to the "Average Q-Factor for Dry and Wet Yagi's" chart (SAME ORDER), you'll see that the
Q-Factor does NOT increase as the Boom Length (and hence Gain) increases (left to right)!!!

To compare the quality of Yagi's used for Earth-Moon-Earth (EME) bounces also requires
consideration of how much man-made noise is being picked up by the sidelobes, quantified
as the ratio "G/T", where G=Antenna Gain and T=Antenna Noise Temperature:
dpmc.unige.ch/dubus/8704-1.pdf

Dobricic also published fol. article proposing yet another comparison metric, "M=G^2*B/T":
www.kcvhfgridbandits.com/linked/vhfnoisetemp.pdf
 

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Discussion Starter #12
Well, before uhf tv existed, they had 4 bay vhf bowties and each bay had a reflector rod or two behind it. They were first introduced around the late 1940's.
You certainly learn something new every day, I've never heard of these, and would love to see a photo! They certainly weren't used in the UK, that I can tell you.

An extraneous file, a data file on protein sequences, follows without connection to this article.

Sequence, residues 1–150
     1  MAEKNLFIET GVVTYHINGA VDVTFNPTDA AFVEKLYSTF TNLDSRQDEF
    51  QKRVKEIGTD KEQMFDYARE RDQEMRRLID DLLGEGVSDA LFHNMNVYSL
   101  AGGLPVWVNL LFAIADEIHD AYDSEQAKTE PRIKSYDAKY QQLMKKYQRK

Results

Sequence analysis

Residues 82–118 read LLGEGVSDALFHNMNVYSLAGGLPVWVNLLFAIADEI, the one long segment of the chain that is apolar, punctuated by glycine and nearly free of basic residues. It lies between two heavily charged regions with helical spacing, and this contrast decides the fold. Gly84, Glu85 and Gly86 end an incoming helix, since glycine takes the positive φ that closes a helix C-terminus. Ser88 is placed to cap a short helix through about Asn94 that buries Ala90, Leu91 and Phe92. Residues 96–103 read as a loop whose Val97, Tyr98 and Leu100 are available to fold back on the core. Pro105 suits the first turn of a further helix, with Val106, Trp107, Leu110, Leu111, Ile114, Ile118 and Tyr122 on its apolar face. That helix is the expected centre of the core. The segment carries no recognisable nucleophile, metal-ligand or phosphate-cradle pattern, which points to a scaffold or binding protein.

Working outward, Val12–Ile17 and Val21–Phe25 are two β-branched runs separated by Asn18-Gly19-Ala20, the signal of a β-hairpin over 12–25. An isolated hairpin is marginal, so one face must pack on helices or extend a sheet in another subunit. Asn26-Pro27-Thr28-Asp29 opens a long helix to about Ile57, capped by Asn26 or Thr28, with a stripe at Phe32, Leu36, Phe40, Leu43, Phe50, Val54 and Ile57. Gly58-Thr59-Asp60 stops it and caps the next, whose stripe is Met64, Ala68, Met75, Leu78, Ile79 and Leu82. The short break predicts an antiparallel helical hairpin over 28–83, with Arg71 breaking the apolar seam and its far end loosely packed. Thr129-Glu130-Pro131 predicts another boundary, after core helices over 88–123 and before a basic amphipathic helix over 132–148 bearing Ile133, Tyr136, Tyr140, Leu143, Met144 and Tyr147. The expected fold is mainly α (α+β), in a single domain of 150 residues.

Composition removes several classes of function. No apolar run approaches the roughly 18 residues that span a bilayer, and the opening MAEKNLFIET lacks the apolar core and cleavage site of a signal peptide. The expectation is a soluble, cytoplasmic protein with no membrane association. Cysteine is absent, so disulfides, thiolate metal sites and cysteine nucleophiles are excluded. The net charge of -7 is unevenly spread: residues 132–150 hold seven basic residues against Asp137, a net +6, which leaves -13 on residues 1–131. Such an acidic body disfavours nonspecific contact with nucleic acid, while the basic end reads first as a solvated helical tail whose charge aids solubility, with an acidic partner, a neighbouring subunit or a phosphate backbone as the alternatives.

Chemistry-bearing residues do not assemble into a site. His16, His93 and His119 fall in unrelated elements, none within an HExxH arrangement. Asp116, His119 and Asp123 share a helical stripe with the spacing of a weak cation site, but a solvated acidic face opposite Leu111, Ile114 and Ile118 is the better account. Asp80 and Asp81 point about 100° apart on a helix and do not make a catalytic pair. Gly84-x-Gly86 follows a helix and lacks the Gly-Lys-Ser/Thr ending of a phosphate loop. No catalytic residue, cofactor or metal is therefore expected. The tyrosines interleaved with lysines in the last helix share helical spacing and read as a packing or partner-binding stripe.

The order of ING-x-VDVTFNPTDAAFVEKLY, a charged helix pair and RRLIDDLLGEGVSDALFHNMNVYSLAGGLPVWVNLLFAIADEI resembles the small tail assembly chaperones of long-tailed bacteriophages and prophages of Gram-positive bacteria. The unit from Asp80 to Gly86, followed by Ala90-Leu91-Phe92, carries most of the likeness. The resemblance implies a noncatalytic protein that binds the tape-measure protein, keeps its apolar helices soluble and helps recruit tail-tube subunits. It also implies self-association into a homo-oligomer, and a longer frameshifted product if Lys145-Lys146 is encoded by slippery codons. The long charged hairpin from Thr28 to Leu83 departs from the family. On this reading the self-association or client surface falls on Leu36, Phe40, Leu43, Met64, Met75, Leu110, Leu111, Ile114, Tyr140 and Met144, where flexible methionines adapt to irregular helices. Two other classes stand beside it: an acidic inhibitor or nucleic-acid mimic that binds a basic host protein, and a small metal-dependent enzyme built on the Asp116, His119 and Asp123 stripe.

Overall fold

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Brenenman's 1966 Patent US3373432 described 1-Bay, 2-Bay and 4-Bay Bowties (4-Whiskers each) with
Screen Reflectors. All Feedlines were parallel, except for a cross-over to the outer bays on the 4-Bay Bowtie,
which we recognize as the unique combination of design elements used in most of today's Bowtie antennas.

The references cited in this patent included:
a) Middlemark with Back-To-Back Forward Swept Dipoles + Solid Reflector,

b) Bouchard (1959) with 4-Bay Bowties + Screen Reflector, 4-Whiskers each with INNER 2 Bowties fed from
OPPOSITE side of the NON-CROSSING FEEDLINE. ["Equivalent" to today's Crossover on OUTER Bowties.]